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Lots of Authoritarian/Totalitarian methods needed to achieve Agenda21.

Not easy is it.




posted on Jul, 25 2014 @ 03:48 PM
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originally posted by: Cuervo
a reply to: Quetzalcoatl14

The UN is feared by certain demographics because it exudes an element of intellectualism and altruism. The same people who fear it and accuse it of being part of some "NWO" are normally the same people who fear everything from food stamps to education.

Tell your boss he (or she) should be proud of being part of the NWO 'cause it beats the hell out of being a part of the Old World Order.


Yeah, I mean i can see how people might fear it as many people don't actually know much of what the UN does programmatically and all that. Usually the news only reports random sanctions or pronouncements from the UN regarding conflicts.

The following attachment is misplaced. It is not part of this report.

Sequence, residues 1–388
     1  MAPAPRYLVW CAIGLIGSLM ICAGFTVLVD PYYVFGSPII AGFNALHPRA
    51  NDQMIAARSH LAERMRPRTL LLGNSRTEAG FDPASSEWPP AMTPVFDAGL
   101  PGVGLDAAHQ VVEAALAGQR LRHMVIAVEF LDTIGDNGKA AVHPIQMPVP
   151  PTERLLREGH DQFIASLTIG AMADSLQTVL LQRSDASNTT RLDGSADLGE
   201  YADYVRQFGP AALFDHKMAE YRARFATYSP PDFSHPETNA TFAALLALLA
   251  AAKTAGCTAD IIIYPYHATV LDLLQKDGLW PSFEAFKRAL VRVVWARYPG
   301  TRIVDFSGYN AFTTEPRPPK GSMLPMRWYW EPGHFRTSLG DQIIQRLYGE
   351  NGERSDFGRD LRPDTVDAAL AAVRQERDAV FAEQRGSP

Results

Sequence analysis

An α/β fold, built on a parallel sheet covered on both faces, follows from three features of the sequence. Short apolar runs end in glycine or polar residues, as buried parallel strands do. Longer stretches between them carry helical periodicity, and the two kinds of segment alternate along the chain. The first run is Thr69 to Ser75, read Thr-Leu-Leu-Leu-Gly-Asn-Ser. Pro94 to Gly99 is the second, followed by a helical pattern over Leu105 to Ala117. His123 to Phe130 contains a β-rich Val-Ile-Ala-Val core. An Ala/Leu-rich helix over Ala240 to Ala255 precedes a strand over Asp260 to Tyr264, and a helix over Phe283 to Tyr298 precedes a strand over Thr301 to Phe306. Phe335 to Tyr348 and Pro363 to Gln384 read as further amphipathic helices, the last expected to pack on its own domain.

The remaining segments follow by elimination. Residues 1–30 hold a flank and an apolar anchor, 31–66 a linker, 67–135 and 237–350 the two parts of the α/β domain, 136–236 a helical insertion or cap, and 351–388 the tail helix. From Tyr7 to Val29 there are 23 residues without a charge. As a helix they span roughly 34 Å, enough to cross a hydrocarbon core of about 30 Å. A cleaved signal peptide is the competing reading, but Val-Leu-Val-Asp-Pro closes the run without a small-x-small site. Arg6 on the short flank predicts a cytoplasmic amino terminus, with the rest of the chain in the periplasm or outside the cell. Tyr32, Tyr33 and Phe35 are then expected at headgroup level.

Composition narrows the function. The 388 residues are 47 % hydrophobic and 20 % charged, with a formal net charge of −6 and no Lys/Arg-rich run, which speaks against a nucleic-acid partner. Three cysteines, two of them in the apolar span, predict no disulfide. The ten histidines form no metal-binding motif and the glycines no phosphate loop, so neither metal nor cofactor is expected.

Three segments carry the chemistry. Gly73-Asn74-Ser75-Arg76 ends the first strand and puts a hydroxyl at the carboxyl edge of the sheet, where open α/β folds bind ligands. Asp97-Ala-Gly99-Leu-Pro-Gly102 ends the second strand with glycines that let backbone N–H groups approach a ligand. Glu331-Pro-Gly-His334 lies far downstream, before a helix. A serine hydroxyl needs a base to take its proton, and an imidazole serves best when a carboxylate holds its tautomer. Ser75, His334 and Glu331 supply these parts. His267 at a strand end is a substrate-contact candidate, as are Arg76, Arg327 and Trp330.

But at same time, I also think it is an education issue as to the issues themselves. For example, the conflict side of the UN Charter is all about reigning in the Old World order of countries unilaterally attacking other countries. That's why unilateral military actions without a UN Security Council vote are not legal. To prevent old world conflicts. But we still have many countries ignoring those laws.

It is the same with sustainable development issues. The issues that the UN is attacking aren't dictates. They have been very slowly developed after countless conferences with country representatives, experts, and so on, not to mention a lot of research and money spent. These issues are really important. If people were really educated on the issues and the UN structure they'd probably be less afraid of the UN.

The whole point of the UN really is to stop conflicts and human rights abuses everywhere and address challenges that are transnational in nature, which includes conflict and also large development challenges, such as economic or environmental issues.